mind like a feather, silly— setting the scene

                        

                        to be seen.

                                          So I could be wrapped.

                                              So I could be kissed.


And what

                                  I miss most,


is being            made                                 again.

Prayer

I must
          not succeed.

                      Success is the mind-killer.

Success
           is the little-death
           that brings total

obliteration. I will face

                                 my success. I will

permit it to pass

                       over me and through

me. And when it has
                       gone
                                                past, I will

turn the inner

                      to see

its path. Where

the success has        gone there will be

nothing.
                      Only I will remain.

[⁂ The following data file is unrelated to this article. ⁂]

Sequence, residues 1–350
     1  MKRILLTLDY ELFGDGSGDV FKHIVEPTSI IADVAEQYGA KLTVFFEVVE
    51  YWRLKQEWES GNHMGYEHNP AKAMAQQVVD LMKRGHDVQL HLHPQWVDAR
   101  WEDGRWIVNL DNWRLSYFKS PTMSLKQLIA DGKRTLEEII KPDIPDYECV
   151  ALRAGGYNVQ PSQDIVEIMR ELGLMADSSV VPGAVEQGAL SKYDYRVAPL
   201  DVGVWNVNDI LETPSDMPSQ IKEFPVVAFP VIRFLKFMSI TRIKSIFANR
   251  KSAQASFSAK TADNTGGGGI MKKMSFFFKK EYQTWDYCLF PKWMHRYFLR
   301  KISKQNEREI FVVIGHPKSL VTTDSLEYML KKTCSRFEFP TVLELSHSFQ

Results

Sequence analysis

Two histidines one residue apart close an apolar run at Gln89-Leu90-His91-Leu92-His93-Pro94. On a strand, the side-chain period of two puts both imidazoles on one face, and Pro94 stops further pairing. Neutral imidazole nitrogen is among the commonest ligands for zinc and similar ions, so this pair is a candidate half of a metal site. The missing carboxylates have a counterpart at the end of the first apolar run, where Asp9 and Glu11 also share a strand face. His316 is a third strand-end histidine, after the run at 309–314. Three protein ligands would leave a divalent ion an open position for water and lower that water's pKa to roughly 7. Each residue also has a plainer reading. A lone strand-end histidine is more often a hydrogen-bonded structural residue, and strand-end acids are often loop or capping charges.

from Forgetting Willie James Jones

1.

It's not water to wine to swallow harm,
though many of us have,

and changing the name
of Ozark Street to Willie Jones Street,
won't resuscitate,

won't expose how the sun roars across rows of faces
at the funeral for a seventeen-year-old-boy,

won't stop the double slapping
of the screen door against a frame,
causing a grandmother, by habit, to yell out, Willie.

It can't deafen the trophies in a dead teenager's room.
That day in '94 I felt strong.

I walked down the street with nickel bags of weed
in the belt loops of my Dickies,

and a bandana strung from my pocket.

That's when I thought trouble could be run from,
could be avoided by never sitting
with your back to the door
or near a window.

I swore by long days and strutted along a rusted past,
shook dice and smoked with the boys

that posted on the corners: